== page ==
"T. rex cetera: Dinosaurs and Other Mesozoic Monsters" has been extended at Fort Hays State University's Sternberg Museum of Natural History until July 26.
It is one of the major features of this year's celebration of the 10th anniversary of the museum's move to its home in the dome.
The exhibit, which opened May 24, 2008, was originally scheduled to close March 29 of this year.
"T. rex cetera" features Stan, at 70 percent the second most complete Tyrannosaurus skeleton ever found, and more than 30 other full skeletons of animals that lived during the 185-million-year span of the Mesozoic Era, comprising the Triassic, Jurassic and Cretaceous periods. Also included are almost 40 other specimens, including many skulls and other bones.
The exhibition showcases fossil casts from the private collection of Dr. Jack Hankla, a Danbury, Ky., dentist, whose interest in paleontology and fossil collecting has resulted in one of the most significant private collections in the United States.
The museum's other main summer event is called "In Search of Giant Squid." This traveling exhibition from the Smithsonian Institution explores what little is known about these mystifying animals and describes scientists' ongoing efforts to observe them in their undersea environment.
Carcasses of giant squid, the world's largest invertebrate, have been found in fishermen's nets and in the bellies of sperm whales and have washed ashore all over the world. Scientists have learned a few things about their lives and habits, but much remains to learn. This is because no giant squid has ever been seen alive.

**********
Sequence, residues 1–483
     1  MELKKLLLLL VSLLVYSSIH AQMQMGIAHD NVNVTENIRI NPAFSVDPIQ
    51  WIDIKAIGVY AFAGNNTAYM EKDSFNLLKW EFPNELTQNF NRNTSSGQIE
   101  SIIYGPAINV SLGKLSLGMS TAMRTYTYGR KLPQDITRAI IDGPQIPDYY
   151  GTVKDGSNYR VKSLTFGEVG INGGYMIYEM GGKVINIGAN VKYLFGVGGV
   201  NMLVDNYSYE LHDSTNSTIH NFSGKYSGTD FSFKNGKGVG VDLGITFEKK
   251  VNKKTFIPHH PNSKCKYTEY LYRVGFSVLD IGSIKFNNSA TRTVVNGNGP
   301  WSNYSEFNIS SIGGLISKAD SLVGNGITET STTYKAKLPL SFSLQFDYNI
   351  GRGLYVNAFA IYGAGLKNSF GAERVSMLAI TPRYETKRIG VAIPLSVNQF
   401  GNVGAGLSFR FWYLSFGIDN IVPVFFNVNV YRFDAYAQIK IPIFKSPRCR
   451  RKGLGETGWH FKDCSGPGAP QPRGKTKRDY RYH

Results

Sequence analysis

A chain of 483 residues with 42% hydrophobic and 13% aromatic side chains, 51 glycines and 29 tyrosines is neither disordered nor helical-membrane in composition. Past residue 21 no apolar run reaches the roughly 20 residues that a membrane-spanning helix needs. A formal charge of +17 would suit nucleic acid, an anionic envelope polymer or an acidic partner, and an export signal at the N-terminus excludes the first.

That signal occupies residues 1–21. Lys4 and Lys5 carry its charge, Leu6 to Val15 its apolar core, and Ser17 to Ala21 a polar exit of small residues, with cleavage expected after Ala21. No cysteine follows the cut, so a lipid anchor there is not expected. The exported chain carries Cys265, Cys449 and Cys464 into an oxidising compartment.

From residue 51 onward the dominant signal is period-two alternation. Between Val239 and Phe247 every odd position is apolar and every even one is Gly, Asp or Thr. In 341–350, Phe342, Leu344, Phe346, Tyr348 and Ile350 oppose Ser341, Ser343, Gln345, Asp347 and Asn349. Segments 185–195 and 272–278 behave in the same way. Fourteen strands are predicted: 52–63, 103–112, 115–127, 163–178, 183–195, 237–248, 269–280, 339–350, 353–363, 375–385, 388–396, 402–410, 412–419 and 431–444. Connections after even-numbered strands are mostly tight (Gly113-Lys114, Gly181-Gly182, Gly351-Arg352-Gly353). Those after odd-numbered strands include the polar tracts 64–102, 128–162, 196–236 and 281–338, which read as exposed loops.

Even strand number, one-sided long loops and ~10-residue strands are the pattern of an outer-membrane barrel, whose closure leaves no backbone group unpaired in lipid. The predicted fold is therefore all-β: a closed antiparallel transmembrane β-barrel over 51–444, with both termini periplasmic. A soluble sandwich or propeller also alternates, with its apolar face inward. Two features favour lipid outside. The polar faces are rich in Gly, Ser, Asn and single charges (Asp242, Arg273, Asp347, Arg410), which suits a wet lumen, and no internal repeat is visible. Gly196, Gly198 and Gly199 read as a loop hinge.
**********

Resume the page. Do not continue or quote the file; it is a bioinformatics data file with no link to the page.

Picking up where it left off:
The exhibit features a giant squid beak and suckers and will help visitors examine the myths and legends that surround giant squid. The exhibit will give visitors a basis to compare them with other mollusks and to explore what is known about how they hunt, move and defend themselves. Scientific research helps understand their anatomy and their behavior.
Other major exhibits coming to the Sternberg Museum include:
July 4: "Picturing Prehistory," using art and drawings to help people envision living, breathing dinosaurs.
Sept. 20: "Shades of Grey," returning by popular demand and demonstrating the inspiring power of art in advancing environmental education.
Oct. 17: Cards, letters, drawings and collages sent to the museum by its visitors.
For more updated information, contact the Sternberg Museum at (785) 628-4286, or visit the Web site at http://www.fhsu.edu/sternberg/.